A Colorado mother charged with the death of her 7-year-old daughter – whom she claimed had a terminal illness – was sentenced to 16 years in Denver prison on Wednesday.

District Court Judge Patricia Herron accepted a plea deal that Kelly Turner, 43, and prosecutors agreed to last month after the mother was initially charged with two counts of first-degree murder, face a mandatory life sentence if convicted in Colorado.

Herron called the deal “hard to stomach” as Turner pleaded guilty to the lesser charges of child abuse and negligently causing the death of his daughter Olivia Gant in 2017.

Authorities had accused Turner of pretending her daughter was sick and convincing doctors to perform procedures on her in order to cash in on donations and profit from the attention of TV news appearances until the little girl died. girl. Turner also pleaded guilty to charity fraud and theft between $100,000 and $1 million, prosecutors said.

“For a number of reasons, I understand how we end up here. But it’s difficult when you have the death of a young child. A death after, what the court considers from my review of the documents, after this child was subjected to a lifetime of painful and frightening tests and surgeries that ultimately resulted in the death of this child,” said Herron at the time, according to the Denver Post. “It is unthinkable and, from the perspective of this court, would generally result in the most severe penalties.”

Investigators said they uncovered blogs, a GoFundMe page that raised more than $22,000 to ‘offset’ the cost of medication, and news stories chronicling Turner’s various claims about her daughter suffering from various conditions that diverged from her medical file. including a cloudy seizure, a tumor, and fluid accumulation in the cavities of his brain.

Prosecutors alleged Turner lied for years about Olivia’s symptoms, after moving with her daughters from Texas to Colorado. From 2012, they said she sought treatments for Olivia for fabricated illnesses and lied to doctors at Colorado Children’s Hospital about her medical conditions, ultimately causing them to perform “significant medical procedures “which she did not need, according to the indictment.

At some point during her repeated visits to the hospital, a surgeon removed part of Olivia’s small intestine and inserted a feeding tube, resulting in a lawsuit against the hospital brought by Olivia’s grandparents and father for failing to report the child abuse that was eventually resolved.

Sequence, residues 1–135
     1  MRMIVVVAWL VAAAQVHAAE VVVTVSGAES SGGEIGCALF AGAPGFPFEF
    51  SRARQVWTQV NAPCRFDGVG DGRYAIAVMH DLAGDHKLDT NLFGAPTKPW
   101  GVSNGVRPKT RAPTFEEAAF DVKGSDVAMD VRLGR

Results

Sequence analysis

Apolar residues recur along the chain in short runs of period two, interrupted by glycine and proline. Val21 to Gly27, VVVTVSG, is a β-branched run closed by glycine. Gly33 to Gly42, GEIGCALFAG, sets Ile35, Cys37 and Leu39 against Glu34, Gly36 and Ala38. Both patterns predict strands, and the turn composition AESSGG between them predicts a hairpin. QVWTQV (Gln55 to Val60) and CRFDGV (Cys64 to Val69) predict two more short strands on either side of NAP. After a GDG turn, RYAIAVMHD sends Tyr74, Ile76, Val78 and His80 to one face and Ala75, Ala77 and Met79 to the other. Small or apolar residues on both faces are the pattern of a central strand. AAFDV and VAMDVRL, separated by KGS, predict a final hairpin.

Turner’s sentencing on Wednesday sentences her to 16 years in prison for child abuse, which Herron said would be served alongside a 10-year sentence for one of Turner’s theft charges and a three-year sentence. years for the other flight. load.

In February 2017, after putting together a “bucket list” with the help of her mother, Olivia was transformed into “Bat Princess” at an elaborate $11,000 hotel costume party hosted by the Make-A -Wish Foundation, which helps fund wishes for critically ill children.

Weeks before Olivia died in hospice care in August 2017, Turner insisted her daughter’s health and quality of life were poor and wanted her removed from all medical treatment. She requested that Olivia’s feeding tube be removed and she signed a “Do Not Resuscitate” order.

According to her obituary, Olivia’s death came after “a long battle with a rare disease” that required “numerous operations and many hospital stays.” It wasn’t until Turner brought her eldest daughter to Colorado Children’s Hospital in 2018 with complaints of “bone pain” that authorities launched an investigation.

Olivia’s cause of death was initially attributed to intestinal failure, but an autopsy in 2018 found no evidence of the disease. A coroner eventually said her manner of death was ‘undetermined’, but before Olivia was placed in hospice care, doctors said she was only getting 30% of the nutrition she needed, according to the report. indictment.

When Herron pleaded guilty to the less serious charges in January, Chief Assistant District Attorney Christopher Gallo told Herron that prosecutors had trouble identifying a “low-key moment” when Olivia’s abuse occurred and resulted in his death, according to the Denver Post.

“It’s by no means perfect justice,” Gallo said at the time. “But certainly, Mr. Justice, this plea is in the interests of justice. And for these reasons, we ask the court to accept the plea.

Turner’s behavior appears to reflect a psychological disorder that she denied having during an interview with investigators, the Denver Post reported. The hard-to-detect condition is known as Munchausen syndrome by proxy and those affected by the disorder often seek attention by fabricating claims about medical conditions involving people in their care.

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